It’s pretty common for a property owner or a GC to claim that a lien has been improperly filed. Those defending against the lien claim will often argue that work was overstated and the amount on the lien is exaggerated. However, unless the claim amount or description of work is obviously flawed, this can be a hard point to dispute.
Most states have provisions protecting against the exaggeration of a lien claim, the filing of fraudulent liens, or both. But these cases aren’t always slam dunks, and fighting a lien claim for the sake of fighting can be costly and time-consuming.
Sometimes, a lien claim is obviously false, such as when a party files a lien after providing no work, or when someone grossly overcharges or double-dips. In these instances, claiming the lien was fraudulently filed is a no-brainer. However, other cases may not be so easy. To have a lien tossed aside, there usually must be more than a small mistake. Plus, a court may even require a full-fledged trial to get to the bottom of things. Unless the exaggeration or fraud is obvious, fighting an allegedly fraudulent lien filing could be an uphill battle.
Willful Exaggeration and Fraudulent Liens
The terms willful exaggeration and fraud are sort of self-explanatory. In these cases, an owner will argue that the lien claim has been overstated or has no basis in the first place. Each state’s tolerance for mistakes or overstatements will vary, but often, an accidental or unintentional overstatement on a lien claim will not result in liability.
For example, in a recent Illinois case, change orders were not approved but were performed and eventually included in a lien claim. The court found that those extra amounts were improperly included in the lien claim, and the extras were invalidated. However, the remainder of the lien was valid. What’s more, the claimant even won attorney fees. Because the work was actually done, and because the claimant truly believed they were owed payment for the change orders, the court found that including the change orders was not a willful exaggeration. Plus, since the claimant prevailed, the court found it proper to include attorney fees.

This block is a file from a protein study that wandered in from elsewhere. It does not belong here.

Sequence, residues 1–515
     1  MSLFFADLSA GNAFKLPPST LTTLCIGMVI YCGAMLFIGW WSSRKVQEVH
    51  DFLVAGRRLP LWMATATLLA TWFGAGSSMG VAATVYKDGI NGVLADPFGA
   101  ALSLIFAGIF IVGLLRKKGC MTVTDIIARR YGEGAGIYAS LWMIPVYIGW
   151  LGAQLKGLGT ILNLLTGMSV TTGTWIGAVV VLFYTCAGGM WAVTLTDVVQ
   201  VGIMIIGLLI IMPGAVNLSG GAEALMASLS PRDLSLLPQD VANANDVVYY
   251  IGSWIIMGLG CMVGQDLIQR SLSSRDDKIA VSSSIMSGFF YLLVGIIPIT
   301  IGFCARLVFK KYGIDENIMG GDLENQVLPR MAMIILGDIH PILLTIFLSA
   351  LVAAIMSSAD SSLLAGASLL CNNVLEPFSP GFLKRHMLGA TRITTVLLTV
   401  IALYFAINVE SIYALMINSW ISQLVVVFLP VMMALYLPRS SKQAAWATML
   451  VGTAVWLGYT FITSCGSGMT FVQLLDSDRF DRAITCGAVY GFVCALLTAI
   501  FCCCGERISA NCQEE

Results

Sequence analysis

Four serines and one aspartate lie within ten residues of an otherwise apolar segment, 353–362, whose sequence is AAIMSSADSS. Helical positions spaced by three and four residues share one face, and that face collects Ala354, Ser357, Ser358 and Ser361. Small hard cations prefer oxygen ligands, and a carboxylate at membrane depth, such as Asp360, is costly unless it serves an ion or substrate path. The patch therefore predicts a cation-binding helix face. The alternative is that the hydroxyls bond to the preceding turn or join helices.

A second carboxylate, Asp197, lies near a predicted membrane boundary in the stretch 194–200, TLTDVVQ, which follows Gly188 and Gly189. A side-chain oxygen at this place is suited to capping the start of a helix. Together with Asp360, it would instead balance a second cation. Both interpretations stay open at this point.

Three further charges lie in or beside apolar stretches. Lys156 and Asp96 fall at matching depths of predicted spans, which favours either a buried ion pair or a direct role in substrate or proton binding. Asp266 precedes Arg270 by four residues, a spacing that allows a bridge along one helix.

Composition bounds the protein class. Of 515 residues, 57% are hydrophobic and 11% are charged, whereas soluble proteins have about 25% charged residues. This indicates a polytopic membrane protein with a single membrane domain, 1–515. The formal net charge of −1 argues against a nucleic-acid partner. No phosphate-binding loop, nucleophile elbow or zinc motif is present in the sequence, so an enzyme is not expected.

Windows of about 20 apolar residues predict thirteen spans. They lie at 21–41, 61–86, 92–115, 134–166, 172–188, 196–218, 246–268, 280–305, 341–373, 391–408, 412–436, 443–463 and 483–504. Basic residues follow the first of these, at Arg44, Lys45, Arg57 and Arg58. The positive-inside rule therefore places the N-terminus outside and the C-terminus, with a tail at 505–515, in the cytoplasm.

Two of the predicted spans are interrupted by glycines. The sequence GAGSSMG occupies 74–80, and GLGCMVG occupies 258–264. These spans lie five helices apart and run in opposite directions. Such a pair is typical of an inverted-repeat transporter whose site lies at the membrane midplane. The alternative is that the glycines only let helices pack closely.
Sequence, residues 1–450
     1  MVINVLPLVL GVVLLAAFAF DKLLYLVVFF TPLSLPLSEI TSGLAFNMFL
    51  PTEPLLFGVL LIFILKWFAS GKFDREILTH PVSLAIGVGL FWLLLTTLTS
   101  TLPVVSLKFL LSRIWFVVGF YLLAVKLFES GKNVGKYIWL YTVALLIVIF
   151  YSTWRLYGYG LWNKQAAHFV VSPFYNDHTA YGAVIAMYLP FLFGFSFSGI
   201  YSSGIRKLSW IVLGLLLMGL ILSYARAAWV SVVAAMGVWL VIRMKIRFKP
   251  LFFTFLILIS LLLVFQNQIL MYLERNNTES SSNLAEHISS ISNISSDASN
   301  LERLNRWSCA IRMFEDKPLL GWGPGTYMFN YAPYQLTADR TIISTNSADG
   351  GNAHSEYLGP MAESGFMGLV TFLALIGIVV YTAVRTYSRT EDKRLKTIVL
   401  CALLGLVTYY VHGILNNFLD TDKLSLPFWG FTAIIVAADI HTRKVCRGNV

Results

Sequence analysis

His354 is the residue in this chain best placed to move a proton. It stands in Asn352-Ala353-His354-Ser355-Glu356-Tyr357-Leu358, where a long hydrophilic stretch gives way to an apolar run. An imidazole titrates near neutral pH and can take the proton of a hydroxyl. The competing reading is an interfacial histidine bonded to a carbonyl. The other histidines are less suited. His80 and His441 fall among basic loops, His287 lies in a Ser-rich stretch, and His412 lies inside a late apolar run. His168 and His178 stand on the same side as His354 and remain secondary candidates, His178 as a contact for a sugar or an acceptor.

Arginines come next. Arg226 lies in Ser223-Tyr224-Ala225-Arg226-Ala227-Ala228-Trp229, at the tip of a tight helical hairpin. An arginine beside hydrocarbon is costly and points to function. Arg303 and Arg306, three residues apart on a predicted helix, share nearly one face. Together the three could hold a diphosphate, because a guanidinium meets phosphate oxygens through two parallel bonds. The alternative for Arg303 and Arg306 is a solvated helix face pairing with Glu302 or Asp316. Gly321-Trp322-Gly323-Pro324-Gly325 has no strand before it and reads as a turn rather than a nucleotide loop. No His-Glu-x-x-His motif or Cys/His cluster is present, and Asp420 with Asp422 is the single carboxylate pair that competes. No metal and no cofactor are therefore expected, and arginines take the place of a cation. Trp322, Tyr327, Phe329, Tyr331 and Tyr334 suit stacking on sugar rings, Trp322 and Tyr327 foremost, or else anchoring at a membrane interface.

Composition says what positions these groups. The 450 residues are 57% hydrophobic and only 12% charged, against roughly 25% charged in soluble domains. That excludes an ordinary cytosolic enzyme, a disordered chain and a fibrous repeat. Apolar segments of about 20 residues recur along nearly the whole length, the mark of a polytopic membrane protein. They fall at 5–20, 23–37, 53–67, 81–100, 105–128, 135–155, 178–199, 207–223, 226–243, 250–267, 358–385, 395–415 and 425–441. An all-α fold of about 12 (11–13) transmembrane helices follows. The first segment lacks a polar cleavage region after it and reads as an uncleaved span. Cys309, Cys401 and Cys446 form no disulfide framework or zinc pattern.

Levelset’s Chief Legal Office Nate Budde shares an important message: “Don’t File Fraudulent Mechanics Liens”
Just as with any other industry, there are bad actors in construction. Fraudulent mechanics liens have been filed for all sorts of crazy reasons, even as a misguided attempt to avenge a breakup. Luckily, there are steep consequences when a lien claim is truly fraudulent, up to and including potential criminal penalties.
Property owners and general contractors take note: this is not to say that lien claims should not be challenged. Just don’t assert a lien is fraudulent just because you’re angry a lien has been filed. Defending against the lien is great, but automatically asserting it’s fraudulent could be a waste of time and money. But if the lien is obviously fraudulent, go for it.
One other thing to keep in mind: just because a lien is invalid, that doesn’t mean it’s fraudulent. (Follow this link to read more about frivolous mechanics liens – liens that are invalid but not necessarily fraudulent.)
When there’s a genuine dispute, both sides should fight for their rights. Just be careful, because as these challenges escalate, it could turn into a costly endeavor.
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